The Object hung about those woods, waiting for kids to wander near. The kids who went out there to smoke found it first. It rumbled at them, wobbled a bit… but mostly it listened. Erik said he figured it belonged to one of the families whose homes had their backs up against the hill, like maybe it was a pet that wandered off, but it was the size of a refrigerator.
Of course now, with the benefit of hindsight and with the insight of world-class scientists, the consensus is that it’s a very clever probe designed to acquire language via some mimicry algorithms. We’re still not sure it knows what it’s saying, but most of what it learned to talk about was: which kids in the nearby middle and high schools sucked, which teachers sucked, who was a slut, and to say it was a big fan of many of history’s worst dictators and serial killers. I’ve heard that when they originally put up that tent around it and the government folks moved in, the first thing it asked them was how much they enjoyed a particular impossible sexual position, then affirmed that it liked it very much. “It’s the best,” it said. It then laughed with a series of barking hard-K sounds.
Any hope of learning more about its origins seemed to be dashed. It wouldn’t answer questions, if it ever had, instead preferring to copy the questions asked of it, or would fill silence by singing advertising jingles, but with all the original advertising copy replaced with “shut up,” but matching the original melody precisely.
Transcript. Note: Capitalization used to indicate relative volume.
THERE WAS ONCE IN THESE WOODS. NOW SAY JERRY. MELT STEEL BEAMS. I AM STUPID. Listening? Fucking RULES, man. SUCK DiiiiiiiiiiiiiCKS. High five for Hitler. Mitts. Mitts. Comets. Kek kek kek kek kek kek. After me, REPEAT. Ooored. Errd. Bored. Ting bored. Geh. ♫shut up shut UP shut up SHUT UP shut-shut-shut [advertising medley of 20 minutes cut].
But times change. Things progress. I bet it’s repeating smarter stuff now that scientists are talking to it. With any luck, maybe they’ll even notice they’re getting nothing back.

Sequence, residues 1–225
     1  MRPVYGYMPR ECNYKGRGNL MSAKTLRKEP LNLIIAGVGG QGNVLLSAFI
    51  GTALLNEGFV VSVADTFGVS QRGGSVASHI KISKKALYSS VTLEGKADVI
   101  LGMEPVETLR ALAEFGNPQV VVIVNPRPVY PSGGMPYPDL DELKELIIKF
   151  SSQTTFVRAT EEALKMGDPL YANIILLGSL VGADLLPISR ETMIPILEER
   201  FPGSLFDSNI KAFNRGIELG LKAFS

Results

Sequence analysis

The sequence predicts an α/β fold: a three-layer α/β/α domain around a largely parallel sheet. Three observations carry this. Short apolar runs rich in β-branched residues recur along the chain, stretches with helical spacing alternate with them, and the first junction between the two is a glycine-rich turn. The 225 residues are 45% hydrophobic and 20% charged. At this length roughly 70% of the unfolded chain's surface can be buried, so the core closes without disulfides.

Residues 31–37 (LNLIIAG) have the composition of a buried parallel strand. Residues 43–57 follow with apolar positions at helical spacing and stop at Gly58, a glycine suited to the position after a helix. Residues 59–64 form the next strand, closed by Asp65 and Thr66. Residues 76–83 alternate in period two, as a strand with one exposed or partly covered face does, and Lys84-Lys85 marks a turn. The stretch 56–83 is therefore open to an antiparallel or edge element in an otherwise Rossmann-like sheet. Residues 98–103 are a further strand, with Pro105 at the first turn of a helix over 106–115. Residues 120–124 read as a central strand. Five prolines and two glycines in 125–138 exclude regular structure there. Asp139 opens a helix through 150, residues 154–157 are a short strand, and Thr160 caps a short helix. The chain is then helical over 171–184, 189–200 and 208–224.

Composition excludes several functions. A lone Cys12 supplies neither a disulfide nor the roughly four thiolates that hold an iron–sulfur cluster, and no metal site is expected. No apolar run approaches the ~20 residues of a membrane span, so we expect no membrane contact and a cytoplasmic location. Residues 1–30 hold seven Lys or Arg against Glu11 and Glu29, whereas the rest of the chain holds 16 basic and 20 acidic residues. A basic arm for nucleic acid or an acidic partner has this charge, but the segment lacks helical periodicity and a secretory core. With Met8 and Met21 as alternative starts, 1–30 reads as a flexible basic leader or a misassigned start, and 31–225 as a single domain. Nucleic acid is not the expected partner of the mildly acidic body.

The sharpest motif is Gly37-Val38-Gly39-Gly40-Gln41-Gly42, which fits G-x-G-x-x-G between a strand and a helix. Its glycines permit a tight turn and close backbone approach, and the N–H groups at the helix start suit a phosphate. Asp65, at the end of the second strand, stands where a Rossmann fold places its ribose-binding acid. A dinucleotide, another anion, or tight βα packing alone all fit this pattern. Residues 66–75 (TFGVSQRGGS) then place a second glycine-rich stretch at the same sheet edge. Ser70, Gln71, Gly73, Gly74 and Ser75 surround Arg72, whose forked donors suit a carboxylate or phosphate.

During a walk home from work, apropos of nothing, I remembered that in elementary school I had a class where each week, we were meant to study current events. We had to grab a newspaper from our parents, cut out an article, bring it in and summarize it.
The memory that came back to me was that one time, I found an article about ninjas and brought that in. Even had a picture of a ninja next to the article. I have not yet remembered what the article was actually about, but it was easier to understand than the conflict in Israel, or whatever was on the front page back in the 80s.
It’s just weird. Little fragments from an earlier life, still bumping about inside my head.
[memory tosses down a smoke bomb and disappears again]
ending theme song
I’m going to keep it a bit short this week, folks. Even though my head is buzzing because I ate WAY too many licorice all sorts. So let’s keep things focused so I’m imparting only the most important information. Okay. Cannonball Run 2 is full of talented people but it’s awful.
We’re already going astray a little bit.
Let’s see. Amanda and I created some more art postcards yesterday. We may have almost enough to send to every subscriber that I actually have an address for. If you’ve moved in the last however-long and don’t have an explicit memory of letting me know, well now you can. Maybe right now?
This week’s chunk of fiction was inspired by Simon Stålenhag’s Tales from the Loop which I backed on Kickstarter and was so excited about, I stuck it on a shelf and ignored it for months. I was waiting for a special occasion to flip through it and today ended up being that special occasion.
Also in the mental mix was the news that Stephen Hawking and Mark Zuckerberg want to fire tiny nanobots out into the universe to see what’s out there mixed with what happened when Microsoft set a chatbot loose in Twitter, only to see it turned into a racist monster within a day.
Thanks as ever to my wife Amanda for providing original illustrations.
Hope your weekend went well. I have to go and see if the internet knows what the antidote is for too much licorice.
Michael Van Vleet
lost time incident 14